There’s a New Moon in Leo on July 26, opening up a window for new thoughts and plans. New Moons are quiet, neutral, and potent times for inward reflection and preparation for future action.
Astro-Opportunity Days: July 7, 8, 9, 16, 20, 25, 29 and 30.
Femastrology Horoscopes for July 2014
For all the Sun Signs: Mercury direct will be a wonderful opportunity to get connected to your aspirations and ambitions. Some of the things that happened last month may have been frustrating. This is a great time to fix up anything that went haywire in June and put it behind you. Watery energy abounds with the Sun in Cancer, Jupiter in Cancer, Saturn in Scorpio, and Neptune in Pisces. Take advantage of this unique vibe. Connect to your emotions. Share your feelings. Work with your psychic abilities. Connect to your dreams. All things “watery” are enhanced during this time period. Even being in or near water has a more powerful effect! So plan a trip to an ocean, lake, or river near you! This is also a fantastic time for art and creativity.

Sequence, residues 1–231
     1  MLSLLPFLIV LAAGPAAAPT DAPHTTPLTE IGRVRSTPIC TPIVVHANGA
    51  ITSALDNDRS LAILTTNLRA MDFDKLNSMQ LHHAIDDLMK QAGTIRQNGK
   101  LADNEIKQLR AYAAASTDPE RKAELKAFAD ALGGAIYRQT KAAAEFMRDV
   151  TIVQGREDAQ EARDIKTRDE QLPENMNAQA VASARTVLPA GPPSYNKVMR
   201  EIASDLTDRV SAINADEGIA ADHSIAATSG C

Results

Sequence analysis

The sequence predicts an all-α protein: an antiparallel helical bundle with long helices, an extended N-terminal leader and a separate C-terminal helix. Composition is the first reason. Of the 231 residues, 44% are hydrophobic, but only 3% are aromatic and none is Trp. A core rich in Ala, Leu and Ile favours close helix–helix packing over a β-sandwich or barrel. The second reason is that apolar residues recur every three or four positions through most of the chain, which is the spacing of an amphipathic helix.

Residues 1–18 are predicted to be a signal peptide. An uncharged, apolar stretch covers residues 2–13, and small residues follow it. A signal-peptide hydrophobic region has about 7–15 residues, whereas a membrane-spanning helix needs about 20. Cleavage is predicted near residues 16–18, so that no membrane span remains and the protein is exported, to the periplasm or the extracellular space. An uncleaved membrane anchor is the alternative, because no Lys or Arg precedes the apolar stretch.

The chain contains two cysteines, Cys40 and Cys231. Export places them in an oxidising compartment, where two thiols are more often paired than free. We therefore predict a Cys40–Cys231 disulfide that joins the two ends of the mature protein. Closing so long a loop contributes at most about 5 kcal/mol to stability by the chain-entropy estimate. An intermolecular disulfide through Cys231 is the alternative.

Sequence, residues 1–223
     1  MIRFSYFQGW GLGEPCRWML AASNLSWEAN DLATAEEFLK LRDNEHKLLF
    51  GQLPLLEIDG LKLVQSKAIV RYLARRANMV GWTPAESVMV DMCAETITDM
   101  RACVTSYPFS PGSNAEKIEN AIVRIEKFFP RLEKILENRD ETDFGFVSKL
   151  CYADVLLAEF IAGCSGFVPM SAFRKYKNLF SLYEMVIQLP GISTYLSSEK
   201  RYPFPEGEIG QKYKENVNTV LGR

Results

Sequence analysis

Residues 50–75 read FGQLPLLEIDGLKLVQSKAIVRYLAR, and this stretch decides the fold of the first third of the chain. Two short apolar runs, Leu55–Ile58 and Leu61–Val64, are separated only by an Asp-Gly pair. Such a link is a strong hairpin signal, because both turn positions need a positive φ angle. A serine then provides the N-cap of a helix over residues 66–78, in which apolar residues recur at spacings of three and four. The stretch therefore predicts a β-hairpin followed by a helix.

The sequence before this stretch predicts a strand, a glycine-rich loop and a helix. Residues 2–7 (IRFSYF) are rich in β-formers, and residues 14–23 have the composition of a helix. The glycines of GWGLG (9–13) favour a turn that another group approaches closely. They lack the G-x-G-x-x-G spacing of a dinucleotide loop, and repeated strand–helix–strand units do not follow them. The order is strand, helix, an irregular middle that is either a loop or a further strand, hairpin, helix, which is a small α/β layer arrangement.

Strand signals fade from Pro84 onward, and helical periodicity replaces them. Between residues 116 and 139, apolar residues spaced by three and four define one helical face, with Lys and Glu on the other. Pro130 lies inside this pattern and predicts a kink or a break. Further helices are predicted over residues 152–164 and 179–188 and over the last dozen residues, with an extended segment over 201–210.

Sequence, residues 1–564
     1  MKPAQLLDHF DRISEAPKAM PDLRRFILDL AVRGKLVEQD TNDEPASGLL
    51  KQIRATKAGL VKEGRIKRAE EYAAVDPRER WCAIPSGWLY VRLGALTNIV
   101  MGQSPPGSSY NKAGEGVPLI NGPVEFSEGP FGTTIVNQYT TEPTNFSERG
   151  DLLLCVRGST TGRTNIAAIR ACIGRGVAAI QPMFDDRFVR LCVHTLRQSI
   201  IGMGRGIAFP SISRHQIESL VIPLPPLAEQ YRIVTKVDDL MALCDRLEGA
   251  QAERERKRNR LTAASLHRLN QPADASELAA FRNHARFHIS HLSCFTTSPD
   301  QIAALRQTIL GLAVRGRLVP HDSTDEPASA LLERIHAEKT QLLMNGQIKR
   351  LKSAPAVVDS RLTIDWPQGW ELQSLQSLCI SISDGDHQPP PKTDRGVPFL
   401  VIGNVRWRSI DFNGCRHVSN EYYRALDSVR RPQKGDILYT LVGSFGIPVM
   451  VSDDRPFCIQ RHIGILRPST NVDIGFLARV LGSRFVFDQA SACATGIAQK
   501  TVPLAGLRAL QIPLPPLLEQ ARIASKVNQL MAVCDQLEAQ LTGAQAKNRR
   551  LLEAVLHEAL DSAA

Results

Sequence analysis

Aries (March 21-April 19) Aries born in early April are probably wondering what the *&)(% as the Universe keeps demanding they break from their old patterns. All Rams will benefit now by taking time to bring more balance and harmony into the home and family department.
Taurus (April 20-May 20) Taureans, particularly those of you born in early May, are learning powerful lessons about relationship. Don’t waste time with those who do not reciprocate. Pay attention to writing and communication now. Get to the point and avoid being scattered. Take care of car issues.
Gemini (May 21-June 20) Venus, the Love Goddess, is in your sign! Single twins (oxymoron) should expect to get lucky! Your creativity will be high, so use it! On the more mundane front, take care of any loose ends pertaining to money. This includes any financial obligations you have with a partner.
Cancer (June 21-July 21) Powerful forces are pushing you to change the way your present yourself to the world, and some of your most important relationships. Your life is transforming. Make a conscious effort to gain clarity about your top priorities. Fateful decisions now will open new roads to achievement and personal satisfaction.
Leo (July 23-August 22) This is a good time to slow things down a little and regroup. Take care of your health and all matters of daily life. Jupiter will be in your sign soon enough, and you will want your wits about you. Many amazing things will be possible in the weeks to come. Conserve your energy.